Victorian and Edwardian Women’s Ghost Stories
This panel aims to reassess the development and diversity of women’s writing about the supernatural in the Victorian and Edwardian period. It focuses on the ways in which female authors of ghost stories, including neglected figures such as Mary Braddon and the Anglo-Indian writer Alice Perrin, used the conventions of the ghost story to tap into wider cultural heritages of Victorian and Edwardian gender and genre construction. It includes papers by scholars at different stages in their careers.
Victorian Women’s Haunted Houses: Sensational Ghosts (Janine Hatter, Lecturer, University of Hull)
Dr Janine Hatter researches Victorian popular literature, art and culture. She is co-editor of two series: New Paths in Victorian Fiction and Culture and Key Popular Women Writers, both for Edward Everett Root Publishers. Janine is Associate Editor of Victorian Popular Fictions, conference co-organiser for the Victorian Popular Fiction Association and has co-founded the Mary Elizabeth Braddon Association.
As friends, Rhoda Broughton and Mary Elizabeth Braddon discussed such mundane daily activities as shopping, gardening and hosting tea parties. As two of the best-selling authors of the mid- to late-Victorian period their published works are more gripping, but essentially cover domestic settings and issues. Both authors made their names in the 1860s writing sensational narratives, and both continued to write into the Edwardian period, keeping up-to-date with social advances. This paper examines some examples of their haunted house narratives, ranging from the 1860s to the 1890s, to demonstrate their engagement with the key genre of Victorian women’s ghost stories. Sensational, psychological and urban in their settings, Broughton’s ‘The Truth, The Whole Truth, and Nothing But the Truth’ (1868) and Braddon’s ‘The Ghost’s Name’ (1891) used the genre to address a range of social issues, such as women’s knowledge and agency, the damaging effects of the construction of Victorian masculinity and medical advancements.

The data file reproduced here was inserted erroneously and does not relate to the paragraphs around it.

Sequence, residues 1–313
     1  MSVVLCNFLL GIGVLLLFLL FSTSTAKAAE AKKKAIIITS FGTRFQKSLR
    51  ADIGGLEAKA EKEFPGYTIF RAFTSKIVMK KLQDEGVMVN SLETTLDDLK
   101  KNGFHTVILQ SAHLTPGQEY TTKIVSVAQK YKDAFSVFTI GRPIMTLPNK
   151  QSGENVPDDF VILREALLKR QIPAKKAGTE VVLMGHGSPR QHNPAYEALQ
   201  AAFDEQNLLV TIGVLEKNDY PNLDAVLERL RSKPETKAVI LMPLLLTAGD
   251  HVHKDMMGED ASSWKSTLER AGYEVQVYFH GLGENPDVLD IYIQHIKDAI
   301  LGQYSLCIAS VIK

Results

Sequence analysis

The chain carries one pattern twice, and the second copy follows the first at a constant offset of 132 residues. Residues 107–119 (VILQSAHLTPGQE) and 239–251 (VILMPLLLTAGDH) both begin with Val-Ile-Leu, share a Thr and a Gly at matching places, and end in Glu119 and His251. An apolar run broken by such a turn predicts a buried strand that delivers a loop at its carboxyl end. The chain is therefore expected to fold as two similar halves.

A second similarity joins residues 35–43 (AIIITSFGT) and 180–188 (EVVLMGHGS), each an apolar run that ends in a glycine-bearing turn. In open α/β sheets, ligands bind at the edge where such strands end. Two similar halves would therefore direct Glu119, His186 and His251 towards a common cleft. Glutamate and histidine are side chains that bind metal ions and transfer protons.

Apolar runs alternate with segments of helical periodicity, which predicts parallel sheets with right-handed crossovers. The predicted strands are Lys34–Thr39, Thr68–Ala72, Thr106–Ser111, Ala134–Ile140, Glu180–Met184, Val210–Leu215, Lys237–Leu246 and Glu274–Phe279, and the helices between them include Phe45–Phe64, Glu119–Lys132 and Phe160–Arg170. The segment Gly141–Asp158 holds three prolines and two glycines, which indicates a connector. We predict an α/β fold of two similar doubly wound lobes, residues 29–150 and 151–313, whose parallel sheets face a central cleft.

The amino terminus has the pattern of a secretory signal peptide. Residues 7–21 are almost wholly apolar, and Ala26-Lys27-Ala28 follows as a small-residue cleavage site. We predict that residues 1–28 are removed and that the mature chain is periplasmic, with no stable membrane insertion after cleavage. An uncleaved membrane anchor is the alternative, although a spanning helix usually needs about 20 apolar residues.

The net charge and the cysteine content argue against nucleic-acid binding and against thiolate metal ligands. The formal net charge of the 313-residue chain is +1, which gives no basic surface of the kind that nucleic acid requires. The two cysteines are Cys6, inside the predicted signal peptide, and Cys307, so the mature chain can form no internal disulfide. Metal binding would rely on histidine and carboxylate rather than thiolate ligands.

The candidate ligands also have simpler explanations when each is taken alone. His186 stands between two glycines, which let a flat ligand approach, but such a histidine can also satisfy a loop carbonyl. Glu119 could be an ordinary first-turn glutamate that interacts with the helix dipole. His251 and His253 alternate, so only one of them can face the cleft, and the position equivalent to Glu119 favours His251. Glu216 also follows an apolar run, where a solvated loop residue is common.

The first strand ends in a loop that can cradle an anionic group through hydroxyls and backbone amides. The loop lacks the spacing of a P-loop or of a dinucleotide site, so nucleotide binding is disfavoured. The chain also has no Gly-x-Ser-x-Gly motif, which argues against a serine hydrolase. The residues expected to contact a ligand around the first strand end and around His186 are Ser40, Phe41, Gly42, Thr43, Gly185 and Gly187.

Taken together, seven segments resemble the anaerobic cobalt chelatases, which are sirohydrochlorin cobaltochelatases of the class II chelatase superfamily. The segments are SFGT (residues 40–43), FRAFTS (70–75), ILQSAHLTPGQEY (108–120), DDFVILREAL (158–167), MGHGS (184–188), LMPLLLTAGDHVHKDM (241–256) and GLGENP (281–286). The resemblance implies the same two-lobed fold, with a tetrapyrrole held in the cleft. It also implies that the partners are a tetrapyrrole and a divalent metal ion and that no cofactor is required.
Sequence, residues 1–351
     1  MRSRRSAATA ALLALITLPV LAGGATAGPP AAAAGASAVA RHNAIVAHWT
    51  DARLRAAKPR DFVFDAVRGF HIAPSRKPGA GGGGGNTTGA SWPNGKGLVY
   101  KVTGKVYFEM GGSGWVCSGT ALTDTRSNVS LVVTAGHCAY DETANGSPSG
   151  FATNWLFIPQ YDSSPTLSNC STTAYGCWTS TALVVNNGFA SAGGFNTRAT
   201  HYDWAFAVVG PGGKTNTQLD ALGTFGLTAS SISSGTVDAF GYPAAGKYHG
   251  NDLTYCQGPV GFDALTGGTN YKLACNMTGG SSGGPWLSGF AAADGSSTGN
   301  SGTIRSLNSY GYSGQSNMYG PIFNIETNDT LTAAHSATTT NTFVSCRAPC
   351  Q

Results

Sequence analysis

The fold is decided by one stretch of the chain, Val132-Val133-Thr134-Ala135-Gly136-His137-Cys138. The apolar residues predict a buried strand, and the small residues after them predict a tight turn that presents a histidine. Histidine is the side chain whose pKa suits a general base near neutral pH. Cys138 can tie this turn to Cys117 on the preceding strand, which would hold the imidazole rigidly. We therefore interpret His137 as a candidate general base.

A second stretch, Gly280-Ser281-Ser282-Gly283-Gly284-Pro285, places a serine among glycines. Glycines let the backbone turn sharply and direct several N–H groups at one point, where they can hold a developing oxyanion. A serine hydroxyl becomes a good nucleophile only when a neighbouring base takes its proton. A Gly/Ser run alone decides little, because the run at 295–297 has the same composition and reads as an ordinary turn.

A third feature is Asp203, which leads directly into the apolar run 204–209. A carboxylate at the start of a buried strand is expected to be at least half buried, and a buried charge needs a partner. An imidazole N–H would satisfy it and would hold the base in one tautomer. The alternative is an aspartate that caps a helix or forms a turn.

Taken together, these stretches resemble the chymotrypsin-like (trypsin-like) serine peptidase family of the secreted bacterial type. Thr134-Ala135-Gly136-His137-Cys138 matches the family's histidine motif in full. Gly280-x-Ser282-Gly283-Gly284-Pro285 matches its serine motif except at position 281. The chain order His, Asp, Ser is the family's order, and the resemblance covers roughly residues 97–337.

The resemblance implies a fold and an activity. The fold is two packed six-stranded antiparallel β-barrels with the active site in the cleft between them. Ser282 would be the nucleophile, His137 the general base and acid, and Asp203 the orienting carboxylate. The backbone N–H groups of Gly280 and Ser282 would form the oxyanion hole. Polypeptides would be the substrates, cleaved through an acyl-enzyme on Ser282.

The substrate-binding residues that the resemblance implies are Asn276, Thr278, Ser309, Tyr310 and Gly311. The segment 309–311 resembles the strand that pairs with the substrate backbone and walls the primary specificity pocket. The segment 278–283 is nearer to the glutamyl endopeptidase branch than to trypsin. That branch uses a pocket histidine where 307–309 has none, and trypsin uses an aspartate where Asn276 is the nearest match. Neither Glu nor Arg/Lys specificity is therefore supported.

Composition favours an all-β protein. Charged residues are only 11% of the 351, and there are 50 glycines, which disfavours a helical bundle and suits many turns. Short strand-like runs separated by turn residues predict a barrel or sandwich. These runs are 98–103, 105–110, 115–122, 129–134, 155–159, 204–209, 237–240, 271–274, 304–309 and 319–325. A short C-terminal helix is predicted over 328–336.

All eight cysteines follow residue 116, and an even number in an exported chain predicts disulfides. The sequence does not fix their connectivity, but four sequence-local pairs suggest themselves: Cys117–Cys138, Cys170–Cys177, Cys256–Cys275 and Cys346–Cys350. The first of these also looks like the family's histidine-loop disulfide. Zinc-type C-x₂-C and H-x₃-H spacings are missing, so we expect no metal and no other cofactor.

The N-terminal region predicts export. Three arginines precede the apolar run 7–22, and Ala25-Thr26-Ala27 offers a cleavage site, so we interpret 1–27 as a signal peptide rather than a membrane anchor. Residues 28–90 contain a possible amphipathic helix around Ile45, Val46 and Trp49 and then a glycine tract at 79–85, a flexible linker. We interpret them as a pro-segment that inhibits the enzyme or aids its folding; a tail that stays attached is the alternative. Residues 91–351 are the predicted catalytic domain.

Haunted Gardens in the ghost stories of Mary Elizabeth Braddon and Margaret Oliphant (Dr Emma Liggins (Manchester Metropolitan University))
Dr Emma Liggins is Senior Lecturer in English Literature in the Department of English at Manchester Metropolitan University. Her publications include George Gissing, the Working Woman and Urban Culture (Ashgate, 2006), The British Short Story (with Andrew Maunder & Ruth Robbins) (Palgrave, 2011) and Odd Women? Spinsters, Lesbians and Widows in British Women’s Fiction, 1850-1939 (Manchester University Press, 2014). She has a chapter on modernist women’s ghost stories in British Women’s Short Story Writers: The New Woman to Now eds. Emma Young and James Bailey (Edinburgh University Press, 2015). She is currently completing her forthcoming monograph, The Haunted House in Women’s Ghost Stories, 1850-1945: Gender, Space and Modernity, to be published by Palgrave in 2020.